Industry uncertainty remains in this era of reform and recession, while the demand for healthcare services continues to grow as the population ages and medical advancements prolong life. Consequently, healthcare organizations are faced with a dilemma: how to address the need to expand, improve, and build new facilities in this environment. The answer is found in planning with a different perspective in mind.

Archimedes said: “Give me a place to stand and with a lever I will move the world.” The essence of leveraging is that a relatively small element, when properly applied, can have a huge and lasting impact.

While the planning and design of a healthcare facility represents only a small part of the overall cost of a building during its lifetime, if properly leveraged, these tasks offer an outstanding opportunity to move an organization into a better business-centered position. The key is to know where and how to place certain “levers” that can be beneficial to the trajectory of the healthcare system and prove profitable—even in a constantly changing environment.

Most would agree that proper planning has a beneficial impact on construction costs, but many may not realize that its impact extends much further. In most healthcare facilities, staffing, operations, and maintenance account for 75 percent of costs for the life of the facility; construction, equipment, and furnishings account for about 23 percent; and planning and design make up the remaining 2 percent.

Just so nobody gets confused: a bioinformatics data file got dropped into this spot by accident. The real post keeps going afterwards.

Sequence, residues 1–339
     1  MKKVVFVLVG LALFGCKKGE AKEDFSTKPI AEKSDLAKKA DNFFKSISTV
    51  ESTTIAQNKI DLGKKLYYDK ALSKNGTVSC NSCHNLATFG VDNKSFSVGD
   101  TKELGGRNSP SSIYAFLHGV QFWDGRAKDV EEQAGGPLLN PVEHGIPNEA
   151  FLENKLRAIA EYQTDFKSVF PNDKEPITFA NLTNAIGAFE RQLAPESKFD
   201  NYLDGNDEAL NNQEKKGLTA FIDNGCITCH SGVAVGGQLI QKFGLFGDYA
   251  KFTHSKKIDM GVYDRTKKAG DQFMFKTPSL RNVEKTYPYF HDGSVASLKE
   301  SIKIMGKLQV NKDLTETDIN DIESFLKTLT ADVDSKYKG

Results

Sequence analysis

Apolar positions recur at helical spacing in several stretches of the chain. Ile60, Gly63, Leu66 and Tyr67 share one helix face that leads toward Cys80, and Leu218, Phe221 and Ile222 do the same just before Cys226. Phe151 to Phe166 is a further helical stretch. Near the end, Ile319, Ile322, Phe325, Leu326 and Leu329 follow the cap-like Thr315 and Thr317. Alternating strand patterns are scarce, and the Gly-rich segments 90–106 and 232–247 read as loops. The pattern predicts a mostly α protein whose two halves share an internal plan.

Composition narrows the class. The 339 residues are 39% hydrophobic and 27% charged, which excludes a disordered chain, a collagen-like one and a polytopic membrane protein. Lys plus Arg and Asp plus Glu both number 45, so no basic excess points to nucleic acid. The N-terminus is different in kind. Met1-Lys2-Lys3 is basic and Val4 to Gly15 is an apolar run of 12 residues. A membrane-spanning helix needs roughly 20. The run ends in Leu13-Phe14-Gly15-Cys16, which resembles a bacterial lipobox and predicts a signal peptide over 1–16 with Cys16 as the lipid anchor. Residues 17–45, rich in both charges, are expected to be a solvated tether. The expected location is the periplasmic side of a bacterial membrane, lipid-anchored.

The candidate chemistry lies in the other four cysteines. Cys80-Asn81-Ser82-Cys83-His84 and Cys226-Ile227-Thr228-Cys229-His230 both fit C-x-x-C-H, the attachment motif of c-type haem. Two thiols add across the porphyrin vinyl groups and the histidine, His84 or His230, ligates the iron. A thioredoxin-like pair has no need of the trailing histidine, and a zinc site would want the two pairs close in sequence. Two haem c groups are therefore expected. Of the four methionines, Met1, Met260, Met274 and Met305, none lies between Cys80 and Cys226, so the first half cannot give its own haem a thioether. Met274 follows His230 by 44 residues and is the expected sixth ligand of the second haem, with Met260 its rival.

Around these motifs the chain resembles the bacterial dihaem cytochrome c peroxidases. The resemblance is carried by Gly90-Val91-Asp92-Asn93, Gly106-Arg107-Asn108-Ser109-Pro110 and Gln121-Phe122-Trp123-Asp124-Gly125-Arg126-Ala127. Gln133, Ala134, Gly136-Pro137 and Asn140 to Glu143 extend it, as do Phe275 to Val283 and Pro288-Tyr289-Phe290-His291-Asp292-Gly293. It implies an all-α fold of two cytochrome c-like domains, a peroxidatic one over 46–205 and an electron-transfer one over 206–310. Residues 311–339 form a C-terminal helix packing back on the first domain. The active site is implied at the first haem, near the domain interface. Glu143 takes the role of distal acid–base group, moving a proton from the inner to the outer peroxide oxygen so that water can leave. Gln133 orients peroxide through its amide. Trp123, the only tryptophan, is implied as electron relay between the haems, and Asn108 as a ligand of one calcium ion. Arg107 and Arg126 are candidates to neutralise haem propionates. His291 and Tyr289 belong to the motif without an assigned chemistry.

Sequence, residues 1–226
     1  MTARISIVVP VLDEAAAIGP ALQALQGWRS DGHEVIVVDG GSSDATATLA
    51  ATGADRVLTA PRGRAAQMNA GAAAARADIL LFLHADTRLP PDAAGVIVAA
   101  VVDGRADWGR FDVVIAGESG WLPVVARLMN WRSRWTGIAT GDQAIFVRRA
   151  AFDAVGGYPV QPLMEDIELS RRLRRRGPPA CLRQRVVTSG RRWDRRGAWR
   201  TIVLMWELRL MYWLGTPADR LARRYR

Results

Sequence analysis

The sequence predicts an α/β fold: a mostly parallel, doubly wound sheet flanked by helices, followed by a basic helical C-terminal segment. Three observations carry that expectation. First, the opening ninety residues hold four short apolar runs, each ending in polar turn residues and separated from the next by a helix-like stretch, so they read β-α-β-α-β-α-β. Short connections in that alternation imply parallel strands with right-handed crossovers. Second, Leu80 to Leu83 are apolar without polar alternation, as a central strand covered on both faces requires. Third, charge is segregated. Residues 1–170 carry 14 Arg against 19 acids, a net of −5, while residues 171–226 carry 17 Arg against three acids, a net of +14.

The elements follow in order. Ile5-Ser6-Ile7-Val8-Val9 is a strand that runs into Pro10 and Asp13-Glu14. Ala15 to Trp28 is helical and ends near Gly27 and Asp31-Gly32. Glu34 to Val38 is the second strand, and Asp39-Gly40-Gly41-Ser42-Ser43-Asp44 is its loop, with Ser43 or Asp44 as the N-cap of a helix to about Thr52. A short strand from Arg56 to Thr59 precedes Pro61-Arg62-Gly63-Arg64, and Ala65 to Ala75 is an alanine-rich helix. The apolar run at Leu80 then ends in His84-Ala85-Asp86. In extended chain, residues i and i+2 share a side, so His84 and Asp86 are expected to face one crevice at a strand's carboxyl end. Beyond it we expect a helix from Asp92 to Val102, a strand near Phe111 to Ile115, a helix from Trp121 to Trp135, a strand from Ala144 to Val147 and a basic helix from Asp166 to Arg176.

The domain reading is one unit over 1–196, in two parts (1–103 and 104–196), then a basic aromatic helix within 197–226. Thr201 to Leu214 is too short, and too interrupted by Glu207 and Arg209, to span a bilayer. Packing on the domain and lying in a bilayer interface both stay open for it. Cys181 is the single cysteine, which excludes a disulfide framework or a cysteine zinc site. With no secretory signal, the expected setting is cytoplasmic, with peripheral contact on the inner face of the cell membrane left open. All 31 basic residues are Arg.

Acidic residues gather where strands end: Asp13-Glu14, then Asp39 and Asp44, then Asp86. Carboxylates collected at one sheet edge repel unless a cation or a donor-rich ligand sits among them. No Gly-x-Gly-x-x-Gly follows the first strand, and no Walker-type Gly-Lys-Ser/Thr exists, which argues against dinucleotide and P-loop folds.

When you figure that a project with a $25 million construction estimate actually costs a healthcare organization $100 million throughout its lifetime, then creating planning and design solutions that can maximize the value of staffing, operations, and maintenance becomes paramount. This seemingly small 2 percent can have enormous impact and added value over the lifetime of the facility.

During planning and design, the following seven levers should be used to move a facility in a direction to provide greater value.

1.  Demand lever
The United States is filled with new facilities that have been overbuilt due to unrealistic growth assumptions, while others are undersized. Using demand modeling analysis during the planning and design process provides an objective evaluation of the market to develop future scenarios and project potential demand based on three factors. The first is population: Is the population growing or declining?

The second factor is “use rates,” or what volume of services is expected for a given incremental population. Use rates are affected by aging and changes in culture, economics, and technology. Third, the market share for each service is evaluated for potential change. Market share can be influenced by many factors, such as targeted new services and physician recruitment strategies. By trending these variables and modeling multiple scenarios, realistic projections for future demand can be identified.

2. Operational lever